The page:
Sent: Thursday, April 16, 2015 12:41 PM
Subject: hot grill sauce
Hi Phaedrus, First let me tell you that your web site is so unreal! I never
been on it till now. I was wondering if you can help me! I lived in
Clifton,NJ for the first 30 years of my life. I starting going to a Texas
weiner stop called "The Hot Grill". I saw on your site "Johnny and Hanges"
which I have been to countless times. Although it is really good -- nothing
beats "The Hot Grill". I was wondering if you could get me closer to that
recipe. Thank you so much.
I had no success finding this recipe. The spice mixture used by "The Hot
Grill" is one of those top secret recipes that's handed down from father to
son. Not much hope of getting the authentic recipe. The man who created the
spice mixture wouldn't even give his own son the recipe until the son had
been in business for himself for five years. Dad sold it to son pre-made.
That said, I found the below recipe on a message board. The person who
posted it said it's from a Texas Hot Weiner place in Clifton, but he
wouldn't say which one. He listed some possibilities and said it was from
one of them, and The Hot Grill was on the list, so maybe this is it. It's
worth a try. The Hot Grill uses Sabrett beef-and-pork wieners, which they
deep-fry. The Hot Grill's sauce is known for it's cinnamon taste, so
increase the amount of cinnamon if it isn't quite strong enough.
Don't forget the chopped onions and mustard.
2 lbs ground beef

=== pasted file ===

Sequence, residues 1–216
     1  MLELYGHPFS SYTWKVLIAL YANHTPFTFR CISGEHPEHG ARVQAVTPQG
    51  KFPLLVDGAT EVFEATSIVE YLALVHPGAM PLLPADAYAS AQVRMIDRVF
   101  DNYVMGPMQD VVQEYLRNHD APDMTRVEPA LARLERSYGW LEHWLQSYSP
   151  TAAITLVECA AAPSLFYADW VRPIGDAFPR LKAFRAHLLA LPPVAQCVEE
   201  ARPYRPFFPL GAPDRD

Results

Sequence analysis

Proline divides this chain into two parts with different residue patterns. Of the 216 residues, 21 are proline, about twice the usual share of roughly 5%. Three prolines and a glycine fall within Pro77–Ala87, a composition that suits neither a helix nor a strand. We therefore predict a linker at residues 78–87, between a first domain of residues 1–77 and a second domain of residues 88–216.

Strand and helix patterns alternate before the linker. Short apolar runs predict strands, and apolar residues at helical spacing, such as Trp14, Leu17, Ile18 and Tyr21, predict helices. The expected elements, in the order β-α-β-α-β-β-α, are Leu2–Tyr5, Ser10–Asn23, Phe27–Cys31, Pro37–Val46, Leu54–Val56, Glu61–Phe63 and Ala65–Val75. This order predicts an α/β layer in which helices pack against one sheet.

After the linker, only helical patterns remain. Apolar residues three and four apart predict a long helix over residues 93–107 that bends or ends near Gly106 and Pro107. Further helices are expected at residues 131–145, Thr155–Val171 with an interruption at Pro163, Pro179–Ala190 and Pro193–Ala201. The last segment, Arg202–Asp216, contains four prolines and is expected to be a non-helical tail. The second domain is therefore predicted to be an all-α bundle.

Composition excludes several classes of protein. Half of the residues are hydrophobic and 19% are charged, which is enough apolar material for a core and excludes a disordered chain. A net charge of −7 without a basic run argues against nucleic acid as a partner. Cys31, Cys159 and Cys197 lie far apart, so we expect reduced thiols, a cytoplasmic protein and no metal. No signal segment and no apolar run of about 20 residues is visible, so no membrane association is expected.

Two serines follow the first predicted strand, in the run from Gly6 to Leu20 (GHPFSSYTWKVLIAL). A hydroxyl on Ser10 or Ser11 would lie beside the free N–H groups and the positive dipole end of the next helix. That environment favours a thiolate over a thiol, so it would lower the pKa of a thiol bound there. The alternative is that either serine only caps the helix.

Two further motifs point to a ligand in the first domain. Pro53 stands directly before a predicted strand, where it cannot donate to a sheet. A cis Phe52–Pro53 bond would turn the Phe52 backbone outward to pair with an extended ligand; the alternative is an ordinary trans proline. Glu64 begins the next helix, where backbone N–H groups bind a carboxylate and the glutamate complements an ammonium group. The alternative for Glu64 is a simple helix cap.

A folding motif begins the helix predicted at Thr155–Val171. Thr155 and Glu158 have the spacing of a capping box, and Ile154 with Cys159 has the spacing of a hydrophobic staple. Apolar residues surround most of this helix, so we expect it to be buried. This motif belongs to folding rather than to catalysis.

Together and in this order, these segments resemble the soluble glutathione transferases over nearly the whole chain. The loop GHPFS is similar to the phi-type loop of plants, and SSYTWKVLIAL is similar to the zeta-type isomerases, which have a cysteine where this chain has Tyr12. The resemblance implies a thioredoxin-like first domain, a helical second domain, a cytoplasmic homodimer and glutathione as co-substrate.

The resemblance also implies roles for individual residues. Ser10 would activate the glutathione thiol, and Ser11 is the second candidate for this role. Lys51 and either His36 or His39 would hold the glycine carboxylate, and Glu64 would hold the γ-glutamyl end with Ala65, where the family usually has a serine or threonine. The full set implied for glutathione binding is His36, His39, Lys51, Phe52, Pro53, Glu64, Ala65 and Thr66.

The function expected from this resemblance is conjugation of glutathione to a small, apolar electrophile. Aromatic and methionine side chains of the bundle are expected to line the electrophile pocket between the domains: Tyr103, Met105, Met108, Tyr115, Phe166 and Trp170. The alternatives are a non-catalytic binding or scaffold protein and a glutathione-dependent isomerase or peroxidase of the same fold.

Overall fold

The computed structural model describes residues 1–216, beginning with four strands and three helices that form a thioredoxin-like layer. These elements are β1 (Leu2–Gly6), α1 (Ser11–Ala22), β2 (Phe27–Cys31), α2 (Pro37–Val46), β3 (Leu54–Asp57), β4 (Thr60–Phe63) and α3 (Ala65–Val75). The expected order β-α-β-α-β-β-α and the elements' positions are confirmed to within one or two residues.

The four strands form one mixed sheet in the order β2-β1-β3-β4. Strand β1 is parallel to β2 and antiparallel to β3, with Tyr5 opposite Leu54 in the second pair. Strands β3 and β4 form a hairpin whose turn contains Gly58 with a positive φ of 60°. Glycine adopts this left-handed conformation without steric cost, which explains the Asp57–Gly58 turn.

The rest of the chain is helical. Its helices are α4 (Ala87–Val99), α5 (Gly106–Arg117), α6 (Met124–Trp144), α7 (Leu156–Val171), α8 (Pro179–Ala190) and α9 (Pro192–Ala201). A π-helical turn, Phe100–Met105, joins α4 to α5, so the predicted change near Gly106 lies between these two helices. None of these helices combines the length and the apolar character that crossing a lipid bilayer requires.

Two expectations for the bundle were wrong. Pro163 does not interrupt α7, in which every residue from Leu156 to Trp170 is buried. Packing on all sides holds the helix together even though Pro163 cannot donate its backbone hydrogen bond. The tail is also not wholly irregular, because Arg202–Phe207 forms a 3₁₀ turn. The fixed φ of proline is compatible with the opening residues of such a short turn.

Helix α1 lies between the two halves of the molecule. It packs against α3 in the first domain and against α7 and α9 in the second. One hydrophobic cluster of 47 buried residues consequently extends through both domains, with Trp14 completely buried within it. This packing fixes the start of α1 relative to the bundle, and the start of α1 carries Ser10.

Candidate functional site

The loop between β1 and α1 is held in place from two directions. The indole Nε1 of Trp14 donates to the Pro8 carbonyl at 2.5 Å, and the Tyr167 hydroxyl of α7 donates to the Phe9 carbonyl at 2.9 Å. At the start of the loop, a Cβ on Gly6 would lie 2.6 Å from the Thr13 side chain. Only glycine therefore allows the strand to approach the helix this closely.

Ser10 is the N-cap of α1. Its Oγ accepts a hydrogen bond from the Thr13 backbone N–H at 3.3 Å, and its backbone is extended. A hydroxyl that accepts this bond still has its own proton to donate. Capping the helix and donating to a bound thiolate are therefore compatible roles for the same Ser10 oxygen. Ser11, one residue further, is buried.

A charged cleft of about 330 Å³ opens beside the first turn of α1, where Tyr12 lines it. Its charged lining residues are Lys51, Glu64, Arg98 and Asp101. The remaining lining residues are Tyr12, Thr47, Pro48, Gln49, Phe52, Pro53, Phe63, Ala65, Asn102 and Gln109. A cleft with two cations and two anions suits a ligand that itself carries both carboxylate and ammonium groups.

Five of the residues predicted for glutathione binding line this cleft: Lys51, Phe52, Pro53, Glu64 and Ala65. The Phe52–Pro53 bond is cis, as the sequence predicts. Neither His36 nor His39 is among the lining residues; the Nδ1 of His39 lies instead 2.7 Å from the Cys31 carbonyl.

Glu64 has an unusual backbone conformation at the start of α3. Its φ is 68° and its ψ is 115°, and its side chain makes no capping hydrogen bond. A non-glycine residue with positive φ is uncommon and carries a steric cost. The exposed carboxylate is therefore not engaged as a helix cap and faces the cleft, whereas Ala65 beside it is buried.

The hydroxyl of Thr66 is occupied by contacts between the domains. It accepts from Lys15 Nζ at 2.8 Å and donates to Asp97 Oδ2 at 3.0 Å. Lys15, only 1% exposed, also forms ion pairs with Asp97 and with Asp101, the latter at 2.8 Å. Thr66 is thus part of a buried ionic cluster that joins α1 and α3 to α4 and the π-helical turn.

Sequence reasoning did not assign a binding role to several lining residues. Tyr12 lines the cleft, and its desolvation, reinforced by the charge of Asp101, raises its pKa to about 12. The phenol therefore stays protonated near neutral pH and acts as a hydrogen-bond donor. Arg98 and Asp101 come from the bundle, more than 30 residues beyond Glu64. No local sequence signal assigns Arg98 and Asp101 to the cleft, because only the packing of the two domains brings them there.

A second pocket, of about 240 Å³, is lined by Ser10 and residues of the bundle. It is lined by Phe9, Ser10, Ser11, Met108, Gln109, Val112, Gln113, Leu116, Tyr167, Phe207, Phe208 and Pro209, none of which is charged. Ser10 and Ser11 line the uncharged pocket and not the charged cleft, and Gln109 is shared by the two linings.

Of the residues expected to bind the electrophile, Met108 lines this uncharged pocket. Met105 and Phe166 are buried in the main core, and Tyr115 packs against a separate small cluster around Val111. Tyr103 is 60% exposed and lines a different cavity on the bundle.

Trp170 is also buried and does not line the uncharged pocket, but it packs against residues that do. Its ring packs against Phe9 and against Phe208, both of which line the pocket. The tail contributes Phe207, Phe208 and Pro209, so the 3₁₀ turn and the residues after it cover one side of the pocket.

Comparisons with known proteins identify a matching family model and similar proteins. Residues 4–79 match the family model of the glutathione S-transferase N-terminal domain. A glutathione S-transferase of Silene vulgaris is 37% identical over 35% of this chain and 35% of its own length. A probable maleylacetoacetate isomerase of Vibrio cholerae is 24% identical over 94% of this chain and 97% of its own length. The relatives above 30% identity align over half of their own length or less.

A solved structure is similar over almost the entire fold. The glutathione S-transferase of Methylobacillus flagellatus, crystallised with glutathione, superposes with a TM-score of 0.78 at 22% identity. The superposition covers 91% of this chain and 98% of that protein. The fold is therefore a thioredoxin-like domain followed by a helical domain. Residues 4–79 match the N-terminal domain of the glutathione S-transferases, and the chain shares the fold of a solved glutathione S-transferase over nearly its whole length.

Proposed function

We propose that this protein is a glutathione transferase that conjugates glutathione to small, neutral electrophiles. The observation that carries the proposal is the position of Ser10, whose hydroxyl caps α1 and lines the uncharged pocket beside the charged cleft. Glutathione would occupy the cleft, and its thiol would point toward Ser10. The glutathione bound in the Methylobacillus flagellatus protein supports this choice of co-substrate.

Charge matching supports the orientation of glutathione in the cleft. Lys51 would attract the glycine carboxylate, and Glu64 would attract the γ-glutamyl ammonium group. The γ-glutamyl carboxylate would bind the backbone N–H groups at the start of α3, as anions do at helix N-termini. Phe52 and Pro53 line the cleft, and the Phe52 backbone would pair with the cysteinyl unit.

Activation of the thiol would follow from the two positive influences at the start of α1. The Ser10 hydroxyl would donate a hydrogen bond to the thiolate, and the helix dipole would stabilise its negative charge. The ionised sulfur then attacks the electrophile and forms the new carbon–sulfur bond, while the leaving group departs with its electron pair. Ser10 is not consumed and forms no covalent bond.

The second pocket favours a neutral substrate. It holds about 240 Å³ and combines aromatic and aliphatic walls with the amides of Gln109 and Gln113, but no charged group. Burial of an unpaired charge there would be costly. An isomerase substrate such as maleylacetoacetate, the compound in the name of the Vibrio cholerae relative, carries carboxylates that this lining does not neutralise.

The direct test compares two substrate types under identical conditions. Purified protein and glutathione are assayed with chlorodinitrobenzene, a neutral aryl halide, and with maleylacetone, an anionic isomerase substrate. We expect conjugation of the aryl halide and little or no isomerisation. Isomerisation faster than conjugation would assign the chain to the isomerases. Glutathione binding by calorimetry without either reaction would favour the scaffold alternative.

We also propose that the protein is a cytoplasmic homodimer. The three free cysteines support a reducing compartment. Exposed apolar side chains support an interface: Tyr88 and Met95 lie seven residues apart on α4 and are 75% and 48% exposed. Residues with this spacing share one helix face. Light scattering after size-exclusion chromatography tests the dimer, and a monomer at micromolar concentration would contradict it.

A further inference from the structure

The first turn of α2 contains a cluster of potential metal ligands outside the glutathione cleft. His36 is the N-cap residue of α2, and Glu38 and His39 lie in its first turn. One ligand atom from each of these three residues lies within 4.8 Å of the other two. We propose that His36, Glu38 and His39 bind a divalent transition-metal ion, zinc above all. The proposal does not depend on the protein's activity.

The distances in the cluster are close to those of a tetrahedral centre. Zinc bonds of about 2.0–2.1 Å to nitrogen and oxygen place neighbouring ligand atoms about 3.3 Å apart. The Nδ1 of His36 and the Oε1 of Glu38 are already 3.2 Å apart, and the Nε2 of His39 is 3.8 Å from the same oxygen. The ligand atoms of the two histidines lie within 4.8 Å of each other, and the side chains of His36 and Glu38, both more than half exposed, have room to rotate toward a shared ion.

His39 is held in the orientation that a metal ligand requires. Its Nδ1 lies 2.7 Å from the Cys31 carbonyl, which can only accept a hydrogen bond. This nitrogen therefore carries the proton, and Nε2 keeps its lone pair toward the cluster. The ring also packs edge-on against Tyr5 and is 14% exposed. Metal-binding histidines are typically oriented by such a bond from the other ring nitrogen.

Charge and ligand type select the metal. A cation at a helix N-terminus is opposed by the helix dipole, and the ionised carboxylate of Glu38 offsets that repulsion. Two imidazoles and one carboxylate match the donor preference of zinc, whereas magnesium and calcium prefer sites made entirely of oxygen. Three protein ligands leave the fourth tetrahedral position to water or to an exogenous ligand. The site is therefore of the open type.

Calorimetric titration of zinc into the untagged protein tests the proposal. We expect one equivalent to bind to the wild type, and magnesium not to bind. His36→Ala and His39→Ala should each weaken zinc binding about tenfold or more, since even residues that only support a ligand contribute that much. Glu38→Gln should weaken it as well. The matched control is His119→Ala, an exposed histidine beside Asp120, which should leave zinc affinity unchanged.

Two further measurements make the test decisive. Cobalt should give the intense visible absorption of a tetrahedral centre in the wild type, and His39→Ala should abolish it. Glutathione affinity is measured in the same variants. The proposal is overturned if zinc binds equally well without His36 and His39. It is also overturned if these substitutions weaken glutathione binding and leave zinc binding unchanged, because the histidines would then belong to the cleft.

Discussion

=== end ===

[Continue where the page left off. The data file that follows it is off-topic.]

2 8 oz cans tomato paste
2 cups water
1 tsp ginger
1 tbsp cumin
1 1/2 tbsp chili powder
3/4 tbsp paprika
3/4 tsp onion powder
1/2 tsp garlic salt
1/2 tsp celery seed
1/4 tsp cinnamon
1/2 tsp nutmeg
1 tsp salt
1 tsp ground pepper
6 oz Heinz ketchup
2 tbsp spicy brown mustard
1 tsp Worcestershire sauce
1 cup finely chopped onion and another 2 cups that do not go into the recipe.
The process is just as important as the ingredients, so please do not try to rush this.
1) Put all measured dry ingredients above into a small bowl and mix well, set aside.
2) Brown the ground beef while breaking it into the smallest pieces possible, drain most of the grease, leave a little.
3) Add tomato paste and water directly to the pan with the beef, medium heat, combine well.
4) Sprinkle all dry ingredients evenly into beef/tomato paste mixture while keeping a medium to low heat.
5) Add all other remaining ingredients to pan and stir/mix well. Remember, only 1 cup onion goes in.
6) Slow simmer for at least 1 hour, adding water as necessary so as not to dry out or burn.
Sent: Tuesday, April 14, 2015 11:59 PM
Subject: Hanscom's Bakery cheese cakes
Hi, I just want to say how disappointed I am that Mr. or Mrs. Hanscom from
the famous "Hanscom Bakeries" line took the recipes of their wonderful
delicious Cheese cakes with them when they died. I'm from NYC and they were
very famous there as well. I was raised on New York Cheese cakes and there's
was the best. What I don't understand is, they employed hundreds of bakers
in their time, were they sworn to secrecy, those bakers had to know all the
recipes that they had to bake daily, you think? Well I just am so
disappointed I had to write you and let you know. Thank you for your site.
If there was a written Hanscom recipe manual, it would have been for large
quantity industrial recipes, not ones that you could use at home. As you say,
one would think there were some former Hanscomís employees with at least a few
recipes from the bakery, but there have been requests for Hanscomís recipes on
my site and other sites for years, and no one has responded with any recipes.
Hanscom bakeries closed in 1958, which was 57 years ago. A 40 year-old
head baker from that year would be 97 now. Unless they actually saved a copy
of a written Hanscomís recipe book, they might not remember recipes from so
long ago (I know I wouldnít remember them after so long, particularly if I